Many people have commented that rarely do I have much positive to say about religion and that this needlessly alienates the majority of Americans, who just so happen to be religious (in case you hadn’t noticed). So in an effort to connect with those for whom religion is a major component of their lives, I have decided to outline areas where I believe common ground exists. The following are my beliefs, which stem from an entirely unreligious perspective, but which most religious people (and probably most Americans in general) likely share:
1. I acknowledge that there is something greater than human beings in the universe
This might seem like a small detail but I don’t think it is. Often religious people believe that those who resist religion inevitably are led to conclude that all of the mysteries of the universe can be explained away by science. This is not true. In a previous piece (Faith v. Reason 11-24-04) I showed why reason alone is sufficient to deduce that the source of the universe is beyond human comprehension, wondrous, and worthy of awe; a centerpiece of most religious worldviews.
2. I believe that moral values are essential for a prosperous society
Like most religious people, I believe in fairness, justice, personal responsibility, hard work, accountability, and a strong commitment to these ideals in both my personal and professional life. I believe people have inalienable rights and strive to be free. I believe in liberty and democracy. I also believe in freedom of religious worship.
3. I believe that there are some moral absolutes
For example, rape is wrong, genocide is wrong, totalitarianism is wrong, racial and gender discrimination is wrong. Many people who are not religious are often accused of seeing the moral world in a completely relativistic light, in which “right” and “wrong” are always in the “eye of the beholder.” This isn’t true, although I concede that probably non-religious people believe in a smaller set of moral absolutes than do most religious people.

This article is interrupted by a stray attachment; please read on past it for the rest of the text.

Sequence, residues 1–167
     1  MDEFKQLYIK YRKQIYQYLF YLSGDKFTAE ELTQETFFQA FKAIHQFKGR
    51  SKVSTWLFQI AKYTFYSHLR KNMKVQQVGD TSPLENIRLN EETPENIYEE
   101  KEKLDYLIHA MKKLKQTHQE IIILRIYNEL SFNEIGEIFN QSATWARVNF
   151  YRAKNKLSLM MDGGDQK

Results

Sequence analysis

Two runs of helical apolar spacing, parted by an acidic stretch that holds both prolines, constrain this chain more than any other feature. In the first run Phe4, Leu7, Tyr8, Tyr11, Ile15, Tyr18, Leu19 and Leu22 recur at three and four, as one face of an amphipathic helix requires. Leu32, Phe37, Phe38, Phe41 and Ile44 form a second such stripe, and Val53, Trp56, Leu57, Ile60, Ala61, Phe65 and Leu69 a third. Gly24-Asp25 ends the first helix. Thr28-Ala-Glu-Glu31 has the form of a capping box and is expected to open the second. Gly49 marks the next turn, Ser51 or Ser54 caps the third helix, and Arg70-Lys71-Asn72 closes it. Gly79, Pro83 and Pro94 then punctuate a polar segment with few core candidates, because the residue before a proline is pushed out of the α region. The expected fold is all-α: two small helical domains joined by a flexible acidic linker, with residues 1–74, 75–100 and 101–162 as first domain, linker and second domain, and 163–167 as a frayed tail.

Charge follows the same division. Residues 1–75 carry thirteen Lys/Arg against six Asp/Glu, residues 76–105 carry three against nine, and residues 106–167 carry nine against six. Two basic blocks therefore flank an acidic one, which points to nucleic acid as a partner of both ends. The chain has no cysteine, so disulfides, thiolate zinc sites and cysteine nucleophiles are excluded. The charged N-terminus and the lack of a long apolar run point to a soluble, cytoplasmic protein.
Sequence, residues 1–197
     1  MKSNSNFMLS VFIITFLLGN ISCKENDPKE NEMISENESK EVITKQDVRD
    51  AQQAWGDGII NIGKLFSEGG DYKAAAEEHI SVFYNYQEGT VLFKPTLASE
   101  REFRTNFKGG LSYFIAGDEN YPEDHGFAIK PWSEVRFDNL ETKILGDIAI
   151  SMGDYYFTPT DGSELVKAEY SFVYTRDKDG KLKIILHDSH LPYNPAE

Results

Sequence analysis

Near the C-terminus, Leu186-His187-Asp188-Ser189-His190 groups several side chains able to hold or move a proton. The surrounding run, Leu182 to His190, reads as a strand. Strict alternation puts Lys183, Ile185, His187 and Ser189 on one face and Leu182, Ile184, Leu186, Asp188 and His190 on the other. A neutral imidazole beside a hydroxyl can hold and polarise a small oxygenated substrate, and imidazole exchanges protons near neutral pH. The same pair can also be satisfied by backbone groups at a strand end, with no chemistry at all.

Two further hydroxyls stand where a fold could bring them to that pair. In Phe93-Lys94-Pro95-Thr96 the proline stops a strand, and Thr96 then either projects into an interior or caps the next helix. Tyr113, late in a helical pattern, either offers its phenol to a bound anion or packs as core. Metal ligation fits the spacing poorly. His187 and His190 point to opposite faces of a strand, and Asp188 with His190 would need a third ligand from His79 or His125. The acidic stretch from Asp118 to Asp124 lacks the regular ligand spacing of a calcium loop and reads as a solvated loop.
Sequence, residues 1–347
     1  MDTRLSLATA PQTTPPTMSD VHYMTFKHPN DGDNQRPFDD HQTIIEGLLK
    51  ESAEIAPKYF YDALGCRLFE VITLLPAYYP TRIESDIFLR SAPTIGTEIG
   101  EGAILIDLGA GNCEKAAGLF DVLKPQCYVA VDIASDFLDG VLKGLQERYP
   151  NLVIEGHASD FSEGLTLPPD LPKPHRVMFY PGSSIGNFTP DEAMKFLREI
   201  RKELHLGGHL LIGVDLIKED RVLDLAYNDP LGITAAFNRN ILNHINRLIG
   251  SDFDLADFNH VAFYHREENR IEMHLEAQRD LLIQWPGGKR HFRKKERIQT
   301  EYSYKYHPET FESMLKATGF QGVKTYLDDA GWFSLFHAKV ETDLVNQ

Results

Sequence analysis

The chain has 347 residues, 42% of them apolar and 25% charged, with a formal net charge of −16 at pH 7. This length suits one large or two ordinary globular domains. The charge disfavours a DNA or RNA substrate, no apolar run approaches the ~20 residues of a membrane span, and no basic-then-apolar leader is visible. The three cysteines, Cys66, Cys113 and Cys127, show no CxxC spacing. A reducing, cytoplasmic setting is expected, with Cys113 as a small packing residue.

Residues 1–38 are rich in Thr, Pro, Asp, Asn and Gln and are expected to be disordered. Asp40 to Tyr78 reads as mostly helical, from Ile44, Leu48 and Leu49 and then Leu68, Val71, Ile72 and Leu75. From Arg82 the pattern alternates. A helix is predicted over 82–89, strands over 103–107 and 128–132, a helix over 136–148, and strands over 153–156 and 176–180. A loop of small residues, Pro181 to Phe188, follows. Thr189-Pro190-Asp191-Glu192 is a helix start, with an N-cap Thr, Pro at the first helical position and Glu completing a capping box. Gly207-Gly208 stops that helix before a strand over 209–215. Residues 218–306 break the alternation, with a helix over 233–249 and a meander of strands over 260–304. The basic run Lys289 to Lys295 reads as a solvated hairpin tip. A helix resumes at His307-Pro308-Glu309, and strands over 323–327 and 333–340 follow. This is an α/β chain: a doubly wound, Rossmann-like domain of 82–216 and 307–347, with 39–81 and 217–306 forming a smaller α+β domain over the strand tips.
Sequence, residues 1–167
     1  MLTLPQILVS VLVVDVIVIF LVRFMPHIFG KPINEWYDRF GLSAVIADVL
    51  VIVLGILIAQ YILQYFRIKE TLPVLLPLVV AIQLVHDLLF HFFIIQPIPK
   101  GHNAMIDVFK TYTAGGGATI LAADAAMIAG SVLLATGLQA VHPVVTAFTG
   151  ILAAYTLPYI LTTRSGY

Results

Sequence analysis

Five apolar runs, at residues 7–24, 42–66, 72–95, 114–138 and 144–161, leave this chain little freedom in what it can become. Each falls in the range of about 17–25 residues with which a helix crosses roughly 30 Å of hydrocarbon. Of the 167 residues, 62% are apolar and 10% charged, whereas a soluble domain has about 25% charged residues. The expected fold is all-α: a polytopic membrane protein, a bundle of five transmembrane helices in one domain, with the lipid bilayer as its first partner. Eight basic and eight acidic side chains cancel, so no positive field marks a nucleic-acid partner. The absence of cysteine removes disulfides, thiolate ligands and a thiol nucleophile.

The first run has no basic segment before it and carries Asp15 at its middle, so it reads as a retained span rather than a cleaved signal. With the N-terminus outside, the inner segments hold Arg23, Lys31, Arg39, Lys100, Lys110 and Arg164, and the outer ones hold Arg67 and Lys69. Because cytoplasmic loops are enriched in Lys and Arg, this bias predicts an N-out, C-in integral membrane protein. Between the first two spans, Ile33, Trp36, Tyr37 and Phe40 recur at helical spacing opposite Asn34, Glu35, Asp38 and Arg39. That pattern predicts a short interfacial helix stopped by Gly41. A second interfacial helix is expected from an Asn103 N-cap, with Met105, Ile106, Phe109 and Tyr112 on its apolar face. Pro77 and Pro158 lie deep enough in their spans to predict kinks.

4. I believe that society should protect its weakest members
All societies have vulnerable members, whether they are children, the homeless, or the mentally ill, and the mark of a great society is one that cares for and protects these groups. Almost all religions share this belief.
5. I believe that society must make a strong commitment to protect the environment and the varied creatures that we share the planet with
The “free market” alone will not adequately protect the environment because many aspects exhibit the properties of public goods, which are non-rival and non-excludable (such as the ozone layer, biodiversity, the global climate), and therefore cannot be sold for profit. To correct for this market failure, both charitable individuals and the government have a role to play in ensuring the sustainability of the diverse natural resources that nourish human society and inspire us in countless ways. This philosophy is shared by most religions, which view human societies as stewards of God’s Creation.